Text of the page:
Foreclosed Homes Present Storm Risk and Shelter Opportunity~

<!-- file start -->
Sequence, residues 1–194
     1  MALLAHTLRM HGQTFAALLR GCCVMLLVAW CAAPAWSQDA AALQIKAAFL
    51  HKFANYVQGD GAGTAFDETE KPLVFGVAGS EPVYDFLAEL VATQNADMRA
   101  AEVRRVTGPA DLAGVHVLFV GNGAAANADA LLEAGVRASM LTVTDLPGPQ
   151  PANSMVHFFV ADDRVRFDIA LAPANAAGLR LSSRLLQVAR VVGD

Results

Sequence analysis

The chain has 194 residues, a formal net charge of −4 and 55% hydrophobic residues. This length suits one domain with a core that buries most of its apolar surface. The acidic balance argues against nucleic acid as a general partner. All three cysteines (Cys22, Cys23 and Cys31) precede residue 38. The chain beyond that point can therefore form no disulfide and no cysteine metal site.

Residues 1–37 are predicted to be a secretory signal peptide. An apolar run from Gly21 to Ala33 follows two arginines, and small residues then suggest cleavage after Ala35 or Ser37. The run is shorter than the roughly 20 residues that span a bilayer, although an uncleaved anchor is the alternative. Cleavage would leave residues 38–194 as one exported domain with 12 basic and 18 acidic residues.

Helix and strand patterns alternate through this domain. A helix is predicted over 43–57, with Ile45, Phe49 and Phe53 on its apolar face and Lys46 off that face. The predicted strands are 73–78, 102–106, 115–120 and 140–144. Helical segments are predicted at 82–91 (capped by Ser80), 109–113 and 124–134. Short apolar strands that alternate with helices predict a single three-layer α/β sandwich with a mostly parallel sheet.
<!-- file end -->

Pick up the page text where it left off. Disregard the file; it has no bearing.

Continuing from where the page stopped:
The surge of home foreclosures in the current real estate bust is presenting towns and counties with a thorny policy problem, as unoccupied properties fall into disrepair. In Massachusetts, the Cape Cod Times reports, more than 25,000 houses have been foreclosed since the beginning of 2007, with 1,106 of the foreclosures occurring in coastal Barnstable County on Cape Cod (" Houses going to seed after foreclosure," by Matthew M. Burke). Cape Cod Times reporters found properties overgrown and with broken windows. They also found it difficult to discover who owned the foreclosed homes, as they tried to trace ownership back through a web of banking transactions: "Many of the banks and mortgage companies that have taken properties back have either gone under themselves, have repackaged and sold their assets, or are just not taking responsibility," the Times reported. One property reporters looked at was foreclosed on in January by Lehman Brothers Holding Company, which filed for bankruptcy last year; Barclays Investment Banking and Capital Markets, which acquired some Lehman assets, would neither confirm nor deny owning the property. Another property was foreclosed on by Deutsch Bank National Trust Company, but a Deutsch Bank spokesman told the Times that the bank was only acting as a trustee for IndyMac Bank, which was shut down by Federal regulators last year. In coastal regions, unoccupied and poorly maintained houses are uniquely vulnerable to damage in a hurricane. In South Florida, the Miami Herald reports, some towns with severe wind-hazard exposures, such as LeHigh Acres, are also among the nation's communities worst hit by the foreclosure crisis (" Empty homes pose threat during storms," by Tamara Lush). "Unoccupied, these homes would be defenseless in a storm; there will be no one to put up shutters, batten down garage doors and otherwise secure homes," reports the Herald. And if a storm rips off their roofs and smashes their walls, the abandoned houses could become sources for flying debris that endangers nearby occupied homes. Viewed across the entire Atlantic and Gulf coastal region, the problem is enormous. As of March, 2009, a Herald analysis of an Associated Press database called the Economic Stress Index revealed, "there were 281,691 homes in foreclosure in Florida and coastal counties in Alabama, Georgia, Louisiana, North Carolina, South Carolina, and Virginia." The ability of banks to manage the burden is stretched thin; Florida communities are struggling to get banks to even mow lawns on the properties they have taken over, much less harden the homes to face storm winds, the Herald reports. And so far, Florida emergency officials have no program to address the issue. However, the empty houses may finally be registering on Florida emergency managers' radar screens. During a Federal and state hurricane exercise drill last week, acting director Ruben Almaguen of the Florida emergency management division proposed using the state's empty dwellings as emergency housing for hurricane evacuees in the event of a major hurricane strike. The exercise made clear that conventional emergency housing resources would be inadequate to handle some hurricane scenarios, said Almaguen. Foreclosed homes could supply the solution, he argued: "We can't not look at something staring us directly in the face." The Miami Herald covers that story (" Foreclosed Florida homes considered for hurricane housing," by Mark Caputo and Shannon Colavecchio). It's not clear how Federal and state officials could gain the legal authority to turn the empty properties to their own purposes, even though in many cases the legal owners may be unavailable even to secure the buildings against intrusion by squatters or wild animals. Towns and counties are still researching the basic question of whether they have the right to clear brush on abandoned lots or board up windows on abandoned homes. But in the event that a storm does occur and damages the foreclosed homes, one bank's spokesman told the Herald, banks have the same plan as any other homeowner: They're going to file an insurance claim.